Barry Adamson

12998389_1016485181722042_6902795754917302443_o.jpgLampy and I always try and make it to Rough Trade East for the soundcheck when were about for an in-store event. The journey from the western margins of this fair city to Brick Lane is often a bit of an epic, involving as it does a bus, the outrageous vagaries of Southwest Trains and either the over or underground and potentially a brisk walk. An astrological alignment of some importance is required to guarantee that we escape the office at a decent time, Southwest Trains are on time and there’s a seat on the train… (That last point requires a lot of planets to do their thing!)

Why go to such effort you might ask? Why not just turn up for the gig, you’re only taking photos after all, right? From a practical standpoint, Lampy gets to make sure that the lights are actually pointing at the artists (and conversely that no-one’s got so many lights pointed at them they require sunscreen), and I get to work out where I’m going to stand and where the sight lines are through the mountains of kit some bands bring with them (all useful preparation!)

13064578_1016485578388669_5678577787433668822_oBut necessities aside, the reason I love watching the soundcheck is that it’s fascinating… It’s a special moment where, if you’re lucky, you get to see a glimpse of the real personalities of the performers before the act begins. 99% of the bands I’ve had the fortune to meet at Rough Trade have been really friendly, incredibly professional, and a great pleasure to talk to as they get set up. There are of course exceptions…

One of the most cringeworthy soundchecks I’ve seen was a certain psych-rock band that not only brought their own sound-man rather than using the venues engineer, but also several times their own body weight in effects-pedals… Setting up the band’s kit looked… “Complicated”. The drum kit was barely visible behind all the clamps, stands and wires required to support the myriad of microphones attached to it. As the lead guitarist and vocalist started to test the set-up it became apparent that neither the sound-man or the artist appeared to really understand the purpose of soundchecking or their individual roles in the process. The bass player got quite upset that his guitar didn’t appear to make any sounds and had to be reminded that not only does the wire need to be plugged in to the guitar, but the other end also needs to be plugged in to the amp.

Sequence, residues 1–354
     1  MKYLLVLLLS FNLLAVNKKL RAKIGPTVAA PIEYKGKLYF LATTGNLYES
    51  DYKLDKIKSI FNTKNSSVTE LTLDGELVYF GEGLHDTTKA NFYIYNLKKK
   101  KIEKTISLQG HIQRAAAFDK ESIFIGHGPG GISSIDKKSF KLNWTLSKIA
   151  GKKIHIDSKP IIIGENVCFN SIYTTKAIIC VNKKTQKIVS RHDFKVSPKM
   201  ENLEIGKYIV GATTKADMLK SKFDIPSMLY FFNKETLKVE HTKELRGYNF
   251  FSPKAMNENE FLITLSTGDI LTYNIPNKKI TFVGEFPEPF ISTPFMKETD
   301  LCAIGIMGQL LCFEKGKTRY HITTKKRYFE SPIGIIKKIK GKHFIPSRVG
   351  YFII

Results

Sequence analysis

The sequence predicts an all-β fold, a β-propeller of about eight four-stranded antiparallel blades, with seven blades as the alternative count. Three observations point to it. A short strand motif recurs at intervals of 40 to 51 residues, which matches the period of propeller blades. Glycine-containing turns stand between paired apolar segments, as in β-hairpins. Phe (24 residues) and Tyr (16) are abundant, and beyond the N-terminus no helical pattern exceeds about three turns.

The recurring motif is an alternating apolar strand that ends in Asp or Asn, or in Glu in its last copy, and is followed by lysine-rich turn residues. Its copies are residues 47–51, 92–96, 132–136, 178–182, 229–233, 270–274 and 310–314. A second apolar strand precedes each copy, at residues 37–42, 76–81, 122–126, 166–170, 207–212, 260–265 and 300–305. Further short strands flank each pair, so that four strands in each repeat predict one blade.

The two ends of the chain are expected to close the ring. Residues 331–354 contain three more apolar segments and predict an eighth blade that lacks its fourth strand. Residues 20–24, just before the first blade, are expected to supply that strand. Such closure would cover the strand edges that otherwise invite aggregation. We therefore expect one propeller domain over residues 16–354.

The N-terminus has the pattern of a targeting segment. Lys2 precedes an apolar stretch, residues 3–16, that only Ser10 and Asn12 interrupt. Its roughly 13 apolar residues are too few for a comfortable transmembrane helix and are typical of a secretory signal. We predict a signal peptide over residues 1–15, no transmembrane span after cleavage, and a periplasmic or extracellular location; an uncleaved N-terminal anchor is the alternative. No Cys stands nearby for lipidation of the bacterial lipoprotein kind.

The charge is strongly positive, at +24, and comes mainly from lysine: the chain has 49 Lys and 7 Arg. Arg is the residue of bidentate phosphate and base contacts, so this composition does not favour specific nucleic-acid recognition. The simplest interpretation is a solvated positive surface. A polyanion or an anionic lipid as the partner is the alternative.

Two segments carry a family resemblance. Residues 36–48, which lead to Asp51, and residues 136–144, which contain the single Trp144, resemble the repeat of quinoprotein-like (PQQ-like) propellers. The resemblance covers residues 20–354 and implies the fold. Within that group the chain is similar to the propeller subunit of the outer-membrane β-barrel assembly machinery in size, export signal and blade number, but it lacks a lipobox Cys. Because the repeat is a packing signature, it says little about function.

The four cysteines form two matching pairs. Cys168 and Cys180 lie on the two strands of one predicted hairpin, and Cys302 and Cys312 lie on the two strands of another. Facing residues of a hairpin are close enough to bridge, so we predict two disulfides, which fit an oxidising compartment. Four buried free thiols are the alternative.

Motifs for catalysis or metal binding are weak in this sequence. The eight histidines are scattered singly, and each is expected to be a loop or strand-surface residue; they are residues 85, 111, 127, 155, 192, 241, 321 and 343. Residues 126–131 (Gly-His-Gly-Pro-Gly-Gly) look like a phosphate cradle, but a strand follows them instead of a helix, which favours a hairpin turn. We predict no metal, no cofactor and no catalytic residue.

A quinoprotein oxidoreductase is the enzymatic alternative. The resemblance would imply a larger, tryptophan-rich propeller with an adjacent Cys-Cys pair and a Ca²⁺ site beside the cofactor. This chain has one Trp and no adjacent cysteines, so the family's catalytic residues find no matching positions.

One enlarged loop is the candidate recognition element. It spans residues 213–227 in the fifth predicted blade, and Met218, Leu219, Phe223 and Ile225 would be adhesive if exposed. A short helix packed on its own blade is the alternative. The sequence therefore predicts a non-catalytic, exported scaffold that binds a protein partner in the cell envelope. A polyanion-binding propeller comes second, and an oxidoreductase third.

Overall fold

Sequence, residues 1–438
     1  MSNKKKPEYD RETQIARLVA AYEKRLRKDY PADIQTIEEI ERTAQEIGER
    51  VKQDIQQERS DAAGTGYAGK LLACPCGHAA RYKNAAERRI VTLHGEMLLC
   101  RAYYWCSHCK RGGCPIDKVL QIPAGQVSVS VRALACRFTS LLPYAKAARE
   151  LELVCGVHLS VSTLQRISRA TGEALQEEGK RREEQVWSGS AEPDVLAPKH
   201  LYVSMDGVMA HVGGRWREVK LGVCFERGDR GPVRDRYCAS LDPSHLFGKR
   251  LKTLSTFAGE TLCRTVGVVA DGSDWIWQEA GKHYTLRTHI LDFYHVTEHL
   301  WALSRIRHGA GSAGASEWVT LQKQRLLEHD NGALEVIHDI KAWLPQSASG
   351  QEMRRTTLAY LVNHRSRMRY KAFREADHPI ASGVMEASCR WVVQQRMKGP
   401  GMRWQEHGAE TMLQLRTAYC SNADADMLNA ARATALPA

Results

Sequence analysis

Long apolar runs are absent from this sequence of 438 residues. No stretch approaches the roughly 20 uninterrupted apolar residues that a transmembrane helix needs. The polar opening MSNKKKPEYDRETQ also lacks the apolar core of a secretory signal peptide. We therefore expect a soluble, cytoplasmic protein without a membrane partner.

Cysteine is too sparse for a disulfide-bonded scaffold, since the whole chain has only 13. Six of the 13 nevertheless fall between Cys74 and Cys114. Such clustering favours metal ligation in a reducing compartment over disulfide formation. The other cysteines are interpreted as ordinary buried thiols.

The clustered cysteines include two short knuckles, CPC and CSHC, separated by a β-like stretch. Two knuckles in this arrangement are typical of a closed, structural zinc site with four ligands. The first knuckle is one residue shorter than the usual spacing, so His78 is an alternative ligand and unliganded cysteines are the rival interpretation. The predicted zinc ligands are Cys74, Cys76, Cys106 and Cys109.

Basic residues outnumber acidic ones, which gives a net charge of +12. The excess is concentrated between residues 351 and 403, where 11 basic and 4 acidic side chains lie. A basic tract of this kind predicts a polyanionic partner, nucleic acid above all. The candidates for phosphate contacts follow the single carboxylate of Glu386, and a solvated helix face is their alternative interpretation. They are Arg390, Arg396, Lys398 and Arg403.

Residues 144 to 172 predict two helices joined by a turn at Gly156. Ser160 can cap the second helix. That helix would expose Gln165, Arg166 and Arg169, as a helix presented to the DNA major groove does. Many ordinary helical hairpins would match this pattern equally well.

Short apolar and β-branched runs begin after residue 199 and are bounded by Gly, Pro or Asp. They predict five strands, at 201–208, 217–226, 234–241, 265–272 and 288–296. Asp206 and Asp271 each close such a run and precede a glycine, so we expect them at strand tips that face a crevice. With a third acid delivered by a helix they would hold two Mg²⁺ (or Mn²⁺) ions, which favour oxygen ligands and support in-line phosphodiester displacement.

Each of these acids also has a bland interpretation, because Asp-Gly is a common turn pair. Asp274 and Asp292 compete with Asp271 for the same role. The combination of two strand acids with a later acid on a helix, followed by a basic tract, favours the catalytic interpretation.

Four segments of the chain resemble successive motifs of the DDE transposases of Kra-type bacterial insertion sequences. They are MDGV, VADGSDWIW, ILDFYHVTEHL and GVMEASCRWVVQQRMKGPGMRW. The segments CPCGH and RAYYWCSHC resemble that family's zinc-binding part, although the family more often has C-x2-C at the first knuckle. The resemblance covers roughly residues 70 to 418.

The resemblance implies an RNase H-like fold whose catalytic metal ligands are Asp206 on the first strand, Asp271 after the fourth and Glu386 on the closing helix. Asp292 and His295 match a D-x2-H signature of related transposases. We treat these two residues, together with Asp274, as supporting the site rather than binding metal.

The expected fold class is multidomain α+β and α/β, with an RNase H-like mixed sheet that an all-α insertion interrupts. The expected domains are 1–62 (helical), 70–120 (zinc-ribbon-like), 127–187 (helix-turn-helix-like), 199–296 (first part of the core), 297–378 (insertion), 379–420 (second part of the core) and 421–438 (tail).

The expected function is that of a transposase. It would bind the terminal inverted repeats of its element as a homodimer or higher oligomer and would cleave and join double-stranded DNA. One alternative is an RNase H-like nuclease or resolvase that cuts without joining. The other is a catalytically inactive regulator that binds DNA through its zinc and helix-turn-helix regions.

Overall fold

The result? A set notable for it’s solid wall of fuzzy reverb which thickened with every strum of the guitar and pulsed with interference tracing the front line in the titanic battle between the warring pedals, each of which fired off salvos peppered with ever more exotic frequencies and waveforms with every stomp the guitarist applied to the pedal board. The resultant wall of solid, fuzzy, reverb cleverly masked any vocals and most of the beat and never really subsided between songs. Instead as each new track started, the warring pedals began their next sonic offensive…

Barry Adamson
Small Amp Syndrome?

Barry Adamson’s soundcheck was far more cringeworthy than this, but for different reasons.

A certain rather public lack of professional courtesy aside, Barry’s set and stage show was actually really good fun, exactly as you’d expect from an artist of his musical caliber. Barry delivered his often playful lyrics, with gravelly tones filled with character and his distinctive guitar playing was suitably dark, grungy and deeply infused with the blues (and an IPad attached to the microphone stand provided the backing track and effects…) There not being a whole heap of kit on the stage, Lampy was able to light the backdrop separately from the performer and made use of the warm amber light provided by new birdies to provide Barry a flattering light that was great to photograph.

Rough Trade East 12/04/2016

More photos here…

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